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How to successfully sell a house quickly yourself

Selling houses today is very different to the process of old. In years gone by, there were limited options available to sellers. Now, people have a choice when it comes to how they want to sell their homes. In this guide, we’ll explore steps you can take to successfully sell a house yourself without an estate agent.

Why do people choose to sell their houses without an estate agent?

In most cases, sellers decide against using an estate agent as a result of cost. Typically, in the UK, estate agents charge up to 3.5%, meaning they can earn thousands of pounds on a sale. Increasingly, people are choosing to go down a different route and save themselves money. There are various routes available, and before you decide to go it alone, it is worth comparing prices and quotes and considering the options on the table. This guide on financial comparison website Lending Expert suggests that as well as using a traditional estate agent, you could also look into selling online or using a hybrid agency, which offers some of the features of conventional agencies for a lower fee. If you get to the point where you’ve weighed up the pros and cons, and you’re keen to try and sell your home yourself, it’s beneficial to tick a few jobs off your list to maximise the chances of a good offer and a quick, hassle-free sale.

How to sell a house quickly yourself

Every seller wants to attract attention from buyers and receive offers as soon as possible. The housing market is unpredictable and it can take anywhere from a day to several years to sell a property. If you’re ready to sell, here are some tips to increase the chances of success:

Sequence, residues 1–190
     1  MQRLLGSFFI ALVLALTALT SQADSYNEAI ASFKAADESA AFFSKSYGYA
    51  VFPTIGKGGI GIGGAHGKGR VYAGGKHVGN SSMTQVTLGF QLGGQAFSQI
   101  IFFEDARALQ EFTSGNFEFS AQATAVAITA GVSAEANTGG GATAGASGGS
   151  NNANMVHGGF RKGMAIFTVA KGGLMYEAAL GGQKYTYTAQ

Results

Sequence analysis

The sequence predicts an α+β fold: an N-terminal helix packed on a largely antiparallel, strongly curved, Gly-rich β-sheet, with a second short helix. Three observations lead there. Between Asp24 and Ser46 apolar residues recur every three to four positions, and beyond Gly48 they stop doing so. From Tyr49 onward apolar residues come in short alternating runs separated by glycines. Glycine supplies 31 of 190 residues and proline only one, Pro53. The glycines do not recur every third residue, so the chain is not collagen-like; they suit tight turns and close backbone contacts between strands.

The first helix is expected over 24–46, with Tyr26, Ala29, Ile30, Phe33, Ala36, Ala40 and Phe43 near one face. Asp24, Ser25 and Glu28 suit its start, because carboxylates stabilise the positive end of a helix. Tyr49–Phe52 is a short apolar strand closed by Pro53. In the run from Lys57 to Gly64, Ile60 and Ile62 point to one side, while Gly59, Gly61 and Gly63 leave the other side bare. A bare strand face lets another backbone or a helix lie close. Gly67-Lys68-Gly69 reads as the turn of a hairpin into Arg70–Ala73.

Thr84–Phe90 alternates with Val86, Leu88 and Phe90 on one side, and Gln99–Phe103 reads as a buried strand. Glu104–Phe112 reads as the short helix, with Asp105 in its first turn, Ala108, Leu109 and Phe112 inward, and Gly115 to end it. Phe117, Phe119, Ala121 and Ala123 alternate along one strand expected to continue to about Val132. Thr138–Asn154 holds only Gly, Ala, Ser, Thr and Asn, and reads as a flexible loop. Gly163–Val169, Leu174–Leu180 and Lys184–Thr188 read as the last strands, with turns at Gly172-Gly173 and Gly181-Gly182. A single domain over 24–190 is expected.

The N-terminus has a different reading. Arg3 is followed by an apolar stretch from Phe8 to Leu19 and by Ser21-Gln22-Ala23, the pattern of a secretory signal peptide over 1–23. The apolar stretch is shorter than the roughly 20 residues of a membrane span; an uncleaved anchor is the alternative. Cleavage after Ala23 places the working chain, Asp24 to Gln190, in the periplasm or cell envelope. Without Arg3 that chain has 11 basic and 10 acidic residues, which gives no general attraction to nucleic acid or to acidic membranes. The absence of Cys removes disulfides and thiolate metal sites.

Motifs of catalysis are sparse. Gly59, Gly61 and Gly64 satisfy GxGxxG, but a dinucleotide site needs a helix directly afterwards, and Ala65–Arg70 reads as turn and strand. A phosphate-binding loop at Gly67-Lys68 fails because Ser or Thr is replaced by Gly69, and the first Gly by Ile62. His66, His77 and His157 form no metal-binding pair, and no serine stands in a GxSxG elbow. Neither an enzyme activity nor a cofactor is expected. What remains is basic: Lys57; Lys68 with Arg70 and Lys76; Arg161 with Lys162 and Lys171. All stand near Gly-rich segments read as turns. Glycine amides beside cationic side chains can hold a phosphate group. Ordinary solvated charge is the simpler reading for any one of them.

• Get your home ready for sale

According to quick property buyer Susan Jones at Ask Susan one of the best ways to attract buyers and generate interest in your property straight away is making your home more saleable. Before you show anybody around or take photographs for listings or adverts, spruce up the decor, eliminate clutter, finish off those half-baked DIY efforts and make every room look as inviting, spacious and bright as possible. A few simple changes can make a huge difference. It’s best to stick to a neutral palette if you’re painting or removing wallpaper. Tidy up the garden, mow the grass, clear away any rubbish from the driveway and give the front door a lick of paint if it’s looking tired or the paintwork is chipped.

Additionally, consider scheduling an EPC survey to evaluate and improve the energy efficiency of your property. This not only ensures compliance with regulations but also provides potential buyers with valuable information about the property’s energy performance, making it more appealing in the market.

  • Put a price on your property

There are various options when it comes to finding out how much your home is worth. Traditionally, an estate agent would value your home for you. If you don’t want to use an agent, you can use property websites to get a rough idea based on the value and sale prices of surrounding houses that are similar to your property. It is worth noting that you can ask agents to value your property without any obligation to sell the house with them. If you do choose to do this, it’s wise to organise a series of visits, as there may be variations between valuations. Usually, it’s a good idea to set your price in the middle or slightly above the middle valuation so that you have room to come down if an attractive offer comes in, but doesn’t quite meet your upper limit. When you are considering prices, it’s a good idea to research the local market and to consider how fast houses are selling and how high demand is at that point. If houses in your area are selling like hotcakes and demand remains high, you could set the price higher in the hopes of attracting a buyer who is desperate to purchase a home in the neighbourhood. If the market is slow and houses are taking a long time to sell, a high price will put buyers off.